• Polling

A Plurality of Americans Support Raising the Debt Ceiling

Thursday, April 20, 2023 By Bryan Bennett
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Welcome to NAVIGATOR – a project designed to better understand the American public’s views on issues of the day and help advocates, elected officials, and other interested parties understand the language, imagery, and messaging needed to make and win key policy arguments.
Key takeaways
  • Two in three say that defaulting on the national debt would be worse than raising the debt limit.
  • As half continue to hear about it, a majority support the Inflation Reduction Act.
  • About one in four rate the economy negatively but believe the U.S. is not in a recession at all or believe it is coming out of one. This group reports paying more for gas and groceries in recent weeks, but overwhelmingly supports the Inflation Reduction Act.

Nearly Two in Three Say Defaulting on the Debt Is Worse Than Raising the Debt Ceiling, With and Without Explanation

Explaining that a default “would have catastrophic impacts on families, veterans, seniors, and the economy as a whole” boosts the share of Republicans who say a default would be worse (net +14, compared to net +0 with no explanation).

Half of Americans Support Raising the Debt Ceiling

A majority of Democrats (67% support) and two in five independents (41%), along with majorities or pluralities of every racial group, support raising the debt ceiling. Only Republicans oppose raising the debt ceiling (net -30 support).

Three in Four Americans Rate the Economy Negatively, While Nearly Two in Three Say the U.S. Is in a Recession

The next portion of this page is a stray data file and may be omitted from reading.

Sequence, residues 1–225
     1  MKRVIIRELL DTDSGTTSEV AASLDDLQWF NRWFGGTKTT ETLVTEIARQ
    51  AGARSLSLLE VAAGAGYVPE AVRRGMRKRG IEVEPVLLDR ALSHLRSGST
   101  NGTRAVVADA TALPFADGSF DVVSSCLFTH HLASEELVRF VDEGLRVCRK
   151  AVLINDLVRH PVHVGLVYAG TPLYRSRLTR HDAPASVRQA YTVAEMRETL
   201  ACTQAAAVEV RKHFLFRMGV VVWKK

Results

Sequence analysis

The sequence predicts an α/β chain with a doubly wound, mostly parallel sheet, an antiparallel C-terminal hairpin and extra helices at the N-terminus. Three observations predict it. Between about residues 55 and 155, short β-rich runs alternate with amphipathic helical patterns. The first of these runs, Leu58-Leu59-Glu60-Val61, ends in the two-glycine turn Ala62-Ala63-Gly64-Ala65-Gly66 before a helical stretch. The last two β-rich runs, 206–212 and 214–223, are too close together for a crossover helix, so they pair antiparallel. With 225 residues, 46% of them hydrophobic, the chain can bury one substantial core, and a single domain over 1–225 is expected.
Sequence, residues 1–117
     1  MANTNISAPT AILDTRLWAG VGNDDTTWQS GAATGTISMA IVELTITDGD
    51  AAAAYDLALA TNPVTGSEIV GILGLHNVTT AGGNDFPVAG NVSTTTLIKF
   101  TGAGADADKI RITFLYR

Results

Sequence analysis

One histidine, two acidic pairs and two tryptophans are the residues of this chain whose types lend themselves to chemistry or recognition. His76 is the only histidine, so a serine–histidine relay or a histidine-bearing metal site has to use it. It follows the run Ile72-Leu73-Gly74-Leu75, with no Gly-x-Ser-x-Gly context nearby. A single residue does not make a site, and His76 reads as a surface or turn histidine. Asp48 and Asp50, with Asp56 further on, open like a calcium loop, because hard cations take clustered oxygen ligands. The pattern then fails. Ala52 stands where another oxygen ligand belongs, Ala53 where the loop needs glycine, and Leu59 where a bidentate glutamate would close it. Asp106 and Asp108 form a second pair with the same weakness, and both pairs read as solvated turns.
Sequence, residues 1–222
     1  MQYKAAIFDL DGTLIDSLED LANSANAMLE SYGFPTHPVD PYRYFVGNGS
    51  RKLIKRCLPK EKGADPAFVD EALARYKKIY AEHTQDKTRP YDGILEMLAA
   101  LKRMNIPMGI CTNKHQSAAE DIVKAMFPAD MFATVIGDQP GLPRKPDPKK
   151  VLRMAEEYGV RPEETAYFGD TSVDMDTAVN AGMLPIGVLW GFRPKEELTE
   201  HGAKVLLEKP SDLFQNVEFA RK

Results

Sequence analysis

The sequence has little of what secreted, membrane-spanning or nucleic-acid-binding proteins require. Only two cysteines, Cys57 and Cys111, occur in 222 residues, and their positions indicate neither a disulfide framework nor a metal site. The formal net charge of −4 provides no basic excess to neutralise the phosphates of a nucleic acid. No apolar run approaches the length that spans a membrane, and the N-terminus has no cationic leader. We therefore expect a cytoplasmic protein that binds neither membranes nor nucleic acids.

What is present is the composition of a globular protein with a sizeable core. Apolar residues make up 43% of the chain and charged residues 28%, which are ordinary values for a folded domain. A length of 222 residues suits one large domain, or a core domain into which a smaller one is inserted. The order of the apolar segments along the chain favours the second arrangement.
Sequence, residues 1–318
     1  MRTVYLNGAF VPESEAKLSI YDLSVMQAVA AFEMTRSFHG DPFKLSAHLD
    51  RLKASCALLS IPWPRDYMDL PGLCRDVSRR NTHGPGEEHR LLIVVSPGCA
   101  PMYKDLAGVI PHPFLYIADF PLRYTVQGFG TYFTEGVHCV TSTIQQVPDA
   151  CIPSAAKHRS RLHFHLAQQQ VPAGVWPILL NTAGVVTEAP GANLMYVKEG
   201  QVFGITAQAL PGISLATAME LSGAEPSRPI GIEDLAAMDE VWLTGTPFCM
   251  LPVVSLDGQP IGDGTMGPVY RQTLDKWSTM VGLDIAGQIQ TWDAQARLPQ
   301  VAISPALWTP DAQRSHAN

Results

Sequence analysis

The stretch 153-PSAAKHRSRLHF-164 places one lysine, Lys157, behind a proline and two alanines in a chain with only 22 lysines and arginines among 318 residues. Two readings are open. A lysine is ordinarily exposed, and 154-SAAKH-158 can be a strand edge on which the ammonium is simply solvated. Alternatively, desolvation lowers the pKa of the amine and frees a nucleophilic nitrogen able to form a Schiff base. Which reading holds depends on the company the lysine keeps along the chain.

Majorities of independents (58%), Republicans (67%), and white Americans (57%) say the economy is currently in a recession and headed deeper into one, while a plurality of Democrats (45%) disagree the economy is in a recession.

The Inflation Reduction Act Continues to Be Supported By Two in Three Americans, As Half Report Hearing About It

The Inflation Reduction Act remains supported by an overwhelming majority of Democrats (89% support), a majority of independents (62%), and more than two in five Republicans (44%).

Recession Skeptics Who Rate the Economy Negatively Report Paying More, But Support the Inflation Reduction Act

The 26% of Americans who hold negative views of the economy but say the U.S. “is not in a recession” or “is coming out of a recession” resemble the general public on party identification and ideology; they are slightly more likely to have voted for Biden (net +8 Biden) and to support the Inflation Reduction Act (net +49 support), but report “paying more” for gas (net +43) and groceries (net +73) in recent weeks.

About The Study

Global Strategy Group conducted public opinion surveys among a sample of 1,003 registered voters from April 6-April 10, 2023. 100 additional interviews were conducted among Hispanic voters. 75 additional interviews were conducted among Asian American and Pacific Islander voters. 100 additional interviews were conducted among African American voters. 101 additional interviews were conducted among independent voters.

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About Navigator

In a world where the news cycle is the length of a tweet, our leaders often lack the real-time public-sentiment analysis to shape the best approaches to talking about the issues that matter the most. Navigator is designed to act as a consistent, flexible, responsive tool to inform policy debates by conducting research and reliable guidance to inform allies, elected leaders, and the press. Navigator is a project led by pollsters from Global Strategy Group and GBAO along with an advisory committee, including: Andrea Purse, progressive strategist; Arkadi Gerney, The Hub Project; Joel Payne, The Hub Project; Christina Reynolds, EMILY’s List; Delvone Michael, Working Families; Felicia Wong, Roosevelt Institute; Mike Podhorzer, AFL-CIO; Jesse Ferguson, progressive strategist; Navin Nayak, Center for American Progress Action Fund; Stephanie Valencia, EquisLabs; and Melanie Newman, Planned Parenthood Action Fund.

For press inquiries contact: press@navigatorresearch.org